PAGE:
20th Century

Second World War York

Troops march past Mansion House

1939AD - 1945AD

Even before Britain declared war on Germany on September 3, 1939, preparations were underway.  The first Air Raid Precautions meeting in York took place in February 1937.  Some residents were hurt in the city’s blackout rehearsals.

When the hostilities began, York took delivery of 1,500 Anderson shelters for poorer families.  A map of 23 air raid shelters in the city centre was published for the use of shoppers and others.  All the preparations proved necessary in 1942 when the city was attacked from the air.

York’s war effort

Among the local regiments which fought in the Second World War were the King’s Own Yorkshire Light Infantry, the Green Howards, the East Riding Yeomanry and the West Yorkshire.

The 1st and 2nd Battalions of the West Yorkshire Regiment played a key role in lifting the siege at Imphal in Burma in 1944.  Recognising this achievement, the council renamed the Fulford Army quarters Imphal Barracks.  HMS York served the Royal Navy until it was sunk of Crete in May 1941 with the loss of two crew.

Until the Allied invasion of 1944, the RAF bomber was the only way Britain could hit back at the enemy on his home ground.  York was surrounded by air bases, including those at Elvington, Pocklington, Driffield and Linton-on-Ouse.  Clifton airfield was requisitioned in 1939 and its chief wartime use was as an aircraft repair depot.  Between 30 and 40 Halifax bombers were being repaired in its 14 hangars at any one time.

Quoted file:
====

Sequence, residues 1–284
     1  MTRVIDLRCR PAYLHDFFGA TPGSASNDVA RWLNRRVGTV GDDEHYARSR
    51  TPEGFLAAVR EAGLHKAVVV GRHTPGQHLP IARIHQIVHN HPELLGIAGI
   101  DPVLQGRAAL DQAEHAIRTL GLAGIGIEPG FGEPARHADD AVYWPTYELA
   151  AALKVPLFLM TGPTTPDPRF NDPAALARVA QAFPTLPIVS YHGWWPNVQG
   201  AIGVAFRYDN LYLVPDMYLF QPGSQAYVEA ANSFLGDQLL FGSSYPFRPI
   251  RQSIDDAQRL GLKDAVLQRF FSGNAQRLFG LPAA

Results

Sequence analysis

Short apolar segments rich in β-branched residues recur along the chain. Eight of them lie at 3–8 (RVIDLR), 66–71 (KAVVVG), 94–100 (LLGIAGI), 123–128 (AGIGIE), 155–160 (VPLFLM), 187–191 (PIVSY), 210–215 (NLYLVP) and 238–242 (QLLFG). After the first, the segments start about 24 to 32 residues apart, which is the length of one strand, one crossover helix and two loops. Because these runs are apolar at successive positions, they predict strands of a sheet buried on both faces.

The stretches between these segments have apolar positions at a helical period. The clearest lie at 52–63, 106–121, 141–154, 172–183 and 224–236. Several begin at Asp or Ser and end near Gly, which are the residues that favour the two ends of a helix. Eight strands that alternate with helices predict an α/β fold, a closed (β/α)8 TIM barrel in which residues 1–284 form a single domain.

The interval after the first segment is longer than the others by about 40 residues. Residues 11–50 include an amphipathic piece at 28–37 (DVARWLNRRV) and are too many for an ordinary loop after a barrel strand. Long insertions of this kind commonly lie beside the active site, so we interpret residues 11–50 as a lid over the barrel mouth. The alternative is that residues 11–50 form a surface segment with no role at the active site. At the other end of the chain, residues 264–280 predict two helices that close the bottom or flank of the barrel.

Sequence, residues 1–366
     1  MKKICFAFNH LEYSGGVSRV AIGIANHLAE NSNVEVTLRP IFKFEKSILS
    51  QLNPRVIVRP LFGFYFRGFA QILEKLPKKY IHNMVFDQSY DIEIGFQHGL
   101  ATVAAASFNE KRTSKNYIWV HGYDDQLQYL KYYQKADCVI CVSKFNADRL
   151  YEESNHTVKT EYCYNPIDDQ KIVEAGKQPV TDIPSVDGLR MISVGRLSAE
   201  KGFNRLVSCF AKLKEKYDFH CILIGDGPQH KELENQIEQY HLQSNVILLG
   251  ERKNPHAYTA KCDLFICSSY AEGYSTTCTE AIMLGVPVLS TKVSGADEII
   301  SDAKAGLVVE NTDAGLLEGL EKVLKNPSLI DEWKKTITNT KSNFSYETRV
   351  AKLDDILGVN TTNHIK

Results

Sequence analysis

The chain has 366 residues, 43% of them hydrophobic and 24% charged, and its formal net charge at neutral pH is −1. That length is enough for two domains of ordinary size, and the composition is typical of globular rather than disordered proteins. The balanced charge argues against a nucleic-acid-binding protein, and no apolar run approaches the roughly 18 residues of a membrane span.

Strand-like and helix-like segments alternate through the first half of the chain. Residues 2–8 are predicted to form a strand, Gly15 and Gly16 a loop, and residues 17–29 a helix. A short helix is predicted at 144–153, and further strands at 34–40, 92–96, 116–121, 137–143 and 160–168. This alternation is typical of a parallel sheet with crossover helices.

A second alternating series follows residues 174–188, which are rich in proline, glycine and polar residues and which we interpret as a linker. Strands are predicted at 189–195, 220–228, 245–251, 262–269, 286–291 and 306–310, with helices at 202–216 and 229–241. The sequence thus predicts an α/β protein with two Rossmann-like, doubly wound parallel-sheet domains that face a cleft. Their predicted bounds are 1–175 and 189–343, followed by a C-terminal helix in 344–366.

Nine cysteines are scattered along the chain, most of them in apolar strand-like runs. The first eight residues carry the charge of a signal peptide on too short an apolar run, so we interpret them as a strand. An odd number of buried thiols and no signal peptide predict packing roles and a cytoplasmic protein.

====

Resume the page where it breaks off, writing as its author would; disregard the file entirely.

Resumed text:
The city adapted for war.  York’s confectioners, hit by restrictions on sugar imports and rationing, had new roles.  Much of Rowntree’s office block on Haxby Road was given over to the Royal Army Pay Corps.  The cream department was reconfigured for the production of munitions, Ryvita and dried egg, while the gum department was converted into a secret fuse factory, named County Industries.  F Hills & Sons, manufacturers of propeller blades, moved into Terry’s factory.

In York city centre, shop window displays urged residents to ‘dig for victory’.  The basement of Betty’s Café became a haunt for foreign airmen stationed at the bases around York.  Many etched their name in the café’s mirror.

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